June 4, 2024

Today’s Discerning Donors Expect Financial Transparency and Accountability

Today’s donors are very discerning when it comes to their relationships with nonprofit organizations.

Above all, they seek personal alignment with the mission, values, and goals of the organizations they support. They want evidence that their support results in outcomes and lasting impact. While they expect to see facts and metrics that substantiate impact, they especially appreciate well-crafted stories that illustrate how real people and communities are benefiting.

Alongside these expectations, donors assume the organizations they support will be transparent and accountable, especially regarding financial matters.

The responsibility for ensuring transparency and accountability originates with the board of directors and extends to the chief executive officer and other senior staff. Donors expect that these organizational leaders will proactively assume these responsibilities and provide information to donors and prospective donors before they are asked.

Generally, nonprofit organizations can address transparency and accountability by taking the initiatives and actions listed below. At the same time, organizations would be wise to consult with their specific donors and tailor their transparency and accountability practices to meet their donors’ expectations.

  • Ensure honesty in all communications, i.e., solicitation materials, website copy, stewardship communications, and annual reports.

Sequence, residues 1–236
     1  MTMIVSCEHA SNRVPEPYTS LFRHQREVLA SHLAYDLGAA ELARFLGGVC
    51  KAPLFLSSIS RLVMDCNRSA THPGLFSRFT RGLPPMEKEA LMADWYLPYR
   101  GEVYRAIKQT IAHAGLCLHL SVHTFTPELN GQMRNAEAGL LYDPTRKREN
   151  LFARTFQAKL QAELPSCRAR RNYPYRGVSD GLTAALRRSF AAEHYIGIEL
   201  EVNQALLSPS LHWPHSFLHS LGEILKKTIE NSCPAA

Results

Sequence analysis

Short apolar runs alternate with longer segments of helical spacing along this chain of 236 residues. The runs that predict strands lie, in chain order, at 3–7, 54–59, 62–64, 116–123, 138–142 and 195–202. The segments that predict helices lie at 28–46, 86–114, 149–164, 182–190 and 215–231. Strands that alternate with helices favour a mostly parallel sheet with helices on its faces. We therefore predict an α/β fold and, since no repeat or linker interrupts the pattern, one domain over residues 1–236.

• Tell it like it really is—even when the message may be negative. Donors who are committed to your organization expect and appreciate honesty, even when the news is bad news.
  • Be certain that all financial reports are accurate and complete and meet professional accounting standards.
  • Require Board review and approval of all financial reports before these reports are shared publicly.
  • Periodically, seek independent, external review of accounting and reporting practices in addition to regular audits.
  • Adhere to best practices in gift accounting and operational accounting.
  • Document in writing gifts that come with donor restrictions and make certain everyone who needs to know has a copy of and honors these restrictions.
  • Have a records management policy and practice in place that protects donor privacy, that provides cybersecurity, and ensure permanent documents are appropriately retained and safely stored.

Be sure to share this blog with your fundraising network!  


Written by

Marilyn Foster Kirk, CFRE

Marilyn Foster Kirk, CFRE, is Executive Vice President at TWB Fundraising.


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